The Etching Revival


In the mid-nineteenth century, etching as an original art form experienced a revival in France and England. The technique had waned in popularity early in the century, when it began to be used primarily to copy paintings rather than to make original works of art. In the 1860s, however, artists attempted to reclaim the medium from its associations with mass production and industry. With its close relationship to the practice of drawing, etching was promoted by those reviving the medium as more authentic and expressive than other forms of printmaking. The artists of the etching revival celebrated the work of past innovators such as Rembrandt and emphasized the creative capacity of their prints.

One of the leading artists in the effort to revive etching was the French printmaker Charles Meryon. His views of the rapidly modernizing city of Paris were admired by artists and collectors for their technical skill and abundance of detail. In prints such as Le Ministère de la Marine, the precise depiction of urban architecture is offset by the addition of fantastic elements. Meryon suffered from prolonged mental illness and often inserted his hallucinatory visions into his etchings. Here a procession including a horse-drawn chariot, boats, whales, serpents, and cowboys descend from the sky toward the French Admiralty building.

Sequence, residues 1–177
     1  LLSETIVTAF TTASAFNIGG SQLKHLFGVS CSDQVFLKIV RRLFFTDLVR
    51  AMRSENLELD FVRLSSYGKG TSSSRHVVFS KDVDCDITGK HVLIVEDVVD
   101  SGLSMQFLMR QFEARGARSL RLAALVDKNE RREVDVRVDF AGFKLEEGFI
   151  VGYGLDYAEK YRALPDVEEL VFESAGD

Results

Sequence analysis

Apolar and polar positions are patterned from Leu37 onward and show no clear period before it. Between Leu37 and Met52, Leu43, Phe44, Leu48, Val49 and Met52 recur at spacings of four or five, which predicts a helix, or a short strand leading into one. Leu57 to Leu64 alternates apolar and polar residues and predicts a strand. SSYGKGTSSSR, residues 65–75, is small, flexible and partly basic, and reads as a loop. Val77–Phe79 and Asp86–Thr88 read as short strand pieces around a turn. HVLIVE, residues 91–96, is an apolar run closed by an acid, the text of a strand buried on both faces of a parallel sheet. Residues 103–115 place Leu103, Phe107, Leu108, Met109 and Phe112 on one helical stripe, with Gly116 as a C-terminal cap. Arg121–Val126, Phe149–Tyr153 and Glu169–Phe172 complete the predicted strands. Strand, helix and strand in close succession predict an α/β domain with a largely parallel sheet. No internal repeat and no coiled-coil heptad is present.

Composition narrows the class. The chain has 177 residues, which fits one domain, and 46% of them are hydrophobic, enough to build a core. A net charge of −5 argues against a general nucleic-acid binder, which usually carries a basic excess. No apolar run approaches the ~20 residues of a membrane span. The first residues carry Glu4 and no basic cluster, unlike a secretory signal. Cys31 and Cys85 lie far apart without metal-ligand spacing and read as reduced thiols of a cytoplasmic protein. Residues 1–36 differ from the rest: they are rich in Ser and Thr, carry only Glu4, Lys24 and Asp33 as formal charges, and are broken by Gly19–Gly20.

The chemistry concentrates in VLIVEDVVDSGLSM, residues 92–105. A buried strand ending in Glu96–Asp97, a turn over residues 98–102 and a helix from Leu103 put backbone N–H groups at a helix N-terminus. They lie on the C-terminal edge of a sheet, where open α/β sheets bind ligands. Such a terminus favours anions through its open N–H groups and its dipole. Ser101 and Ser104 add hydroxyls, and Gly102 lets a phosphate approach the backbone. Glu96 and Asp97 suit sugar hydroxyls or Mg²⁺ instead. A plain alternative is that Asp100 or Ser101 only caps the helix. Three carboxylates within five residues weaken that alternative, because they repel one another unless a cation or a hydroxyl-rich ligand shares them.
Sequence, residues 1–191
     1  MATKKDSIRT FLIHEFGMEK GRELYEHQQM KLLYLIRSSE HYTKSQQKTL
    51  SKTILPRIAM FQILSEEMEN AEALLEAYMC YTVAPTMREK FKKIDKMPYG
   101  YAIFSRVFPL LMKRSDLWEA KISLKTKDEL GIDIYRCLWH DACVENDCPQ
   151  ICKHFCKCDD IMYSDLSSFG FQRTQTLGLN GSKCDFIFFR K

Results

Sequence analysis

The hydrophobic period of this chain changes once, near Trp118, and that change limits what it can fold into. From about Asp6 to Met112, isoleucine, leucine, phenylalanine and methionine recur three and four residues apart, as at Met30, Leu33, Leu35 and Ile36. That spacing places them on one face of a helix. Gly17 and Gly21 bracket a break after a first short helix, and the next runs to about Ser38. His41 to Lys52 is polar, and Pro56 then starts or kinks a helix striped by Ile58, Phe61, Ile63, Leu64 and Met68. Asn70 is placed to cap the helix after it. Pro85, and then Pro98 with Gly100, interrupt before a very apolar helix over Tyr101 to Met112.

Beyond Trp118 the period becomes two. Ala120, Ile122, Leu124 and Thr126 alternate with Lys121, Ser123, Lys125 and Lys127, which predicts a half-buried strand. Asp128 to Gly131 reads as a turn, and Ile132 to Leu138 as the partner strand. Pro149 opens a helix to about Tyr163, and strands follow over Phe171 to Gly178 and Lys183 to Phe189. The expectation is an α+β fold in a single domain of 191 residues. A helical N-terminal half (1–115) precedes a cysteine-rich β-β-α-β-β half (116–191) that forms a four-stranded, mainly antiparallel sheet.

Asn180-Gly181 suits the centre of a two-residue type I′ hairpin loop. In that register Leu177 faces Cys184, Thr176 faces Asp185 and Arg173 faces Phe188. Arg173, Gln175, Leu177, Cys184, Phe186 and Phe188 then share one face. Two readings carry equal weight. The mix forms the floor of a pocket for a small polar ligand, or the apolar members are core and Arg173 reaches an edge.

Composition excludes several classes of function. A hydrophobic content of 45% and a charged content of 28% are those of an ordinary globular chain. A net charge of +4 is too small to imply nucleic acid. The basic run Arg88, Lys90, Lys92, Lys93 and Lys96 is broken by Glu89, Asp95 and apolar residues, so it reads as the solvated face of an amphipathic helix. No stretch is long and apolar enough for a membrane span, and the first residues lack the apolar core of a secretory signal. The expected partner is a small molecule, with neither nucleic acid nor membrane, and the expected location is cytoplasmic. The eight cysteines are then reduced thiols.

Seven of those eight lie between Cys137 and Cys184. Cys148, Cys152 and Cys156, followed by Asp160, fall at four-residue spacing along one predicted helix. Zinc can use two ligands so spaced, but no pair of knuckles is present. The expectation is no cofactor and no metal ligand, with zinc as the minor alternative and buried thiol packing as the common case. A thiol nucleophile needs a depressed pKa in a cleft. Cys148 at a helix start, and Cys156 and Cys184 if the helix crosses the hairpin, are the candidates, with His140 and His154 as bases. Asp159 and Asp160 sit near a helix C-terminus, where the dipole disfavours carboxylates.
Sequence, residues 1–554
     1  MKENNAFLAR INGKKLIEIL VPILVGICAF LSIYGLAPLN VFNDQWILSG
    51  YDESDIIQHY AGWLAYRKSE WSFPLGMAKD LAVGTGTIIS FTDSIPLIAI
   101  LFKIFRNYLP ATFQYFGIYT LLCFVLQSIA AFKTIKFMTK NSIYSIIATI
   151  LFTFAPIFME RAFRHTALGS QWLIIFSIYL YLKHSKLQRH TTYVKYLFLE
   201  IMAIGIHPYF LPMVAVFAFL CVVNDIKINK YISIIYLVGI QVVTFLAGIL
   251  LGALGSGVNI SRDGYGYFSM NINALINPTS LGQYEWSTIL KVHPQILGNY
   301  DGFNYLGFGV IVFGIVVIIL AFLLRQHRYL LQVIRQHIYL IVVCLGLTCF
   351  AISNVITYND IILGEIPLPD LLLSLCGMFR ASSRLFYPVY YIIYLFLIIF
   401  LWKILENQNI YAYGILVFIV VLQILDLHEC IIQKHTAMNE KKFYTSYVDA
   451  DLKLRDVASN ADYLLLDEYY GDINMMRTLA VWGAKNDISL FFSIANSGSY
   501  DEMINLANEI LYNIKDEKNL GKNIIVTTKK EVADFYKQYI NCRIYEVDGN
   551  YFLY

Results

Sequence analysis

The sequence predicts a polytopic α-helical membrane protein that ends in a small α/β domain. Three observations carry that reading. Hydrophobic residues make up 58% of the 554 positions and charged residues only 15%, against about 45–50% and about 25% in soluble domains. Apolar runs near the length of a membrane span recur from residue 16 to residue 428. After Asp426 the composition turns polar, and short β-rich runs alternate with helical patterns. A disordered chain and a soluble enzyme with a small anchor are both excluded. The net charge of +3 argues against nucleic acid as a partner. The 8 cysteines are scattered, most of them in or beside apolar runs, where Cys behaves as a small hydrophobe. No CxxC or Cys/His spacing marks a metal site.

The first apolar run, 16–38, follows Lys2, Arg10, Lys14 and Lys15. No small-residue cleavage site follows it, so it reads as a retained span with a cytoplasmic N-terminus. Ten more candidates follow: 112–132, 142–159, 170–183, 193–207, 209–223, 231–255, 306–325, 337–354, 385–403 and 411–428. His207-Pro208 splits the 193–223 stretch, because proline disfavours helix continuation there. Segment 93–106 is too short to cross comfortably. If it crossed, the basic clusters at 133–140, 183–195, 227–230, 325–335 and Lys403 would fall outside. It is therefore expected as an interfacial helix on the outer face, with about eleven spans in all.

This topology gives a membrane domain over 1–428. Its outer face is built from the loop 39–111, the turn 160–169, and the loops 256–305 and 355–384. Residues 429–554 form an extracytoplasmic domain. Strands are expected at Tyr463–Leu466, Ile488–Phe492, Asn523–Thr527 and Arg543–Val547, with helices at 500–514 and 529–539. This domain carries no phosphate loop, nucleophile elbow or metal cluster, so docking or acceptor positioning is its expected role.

In England, Francis Seymour Haden was among a group of artists who helped spur the revitalization of the etching technique. Trained as a surgeon, Haden began making prints in his leisure time but ultimately produced more than two hundred plates. He described the etched line as “free, expressive, full of vivacity” in comparison to the “cold, constrained, uninteresting” marks made by the engraving burin. In this depiction of a landing area for the ferry along the Thames, Haden used a combination of hatched marks and gestural lines to add a sense of dynamism to a serene view of the river.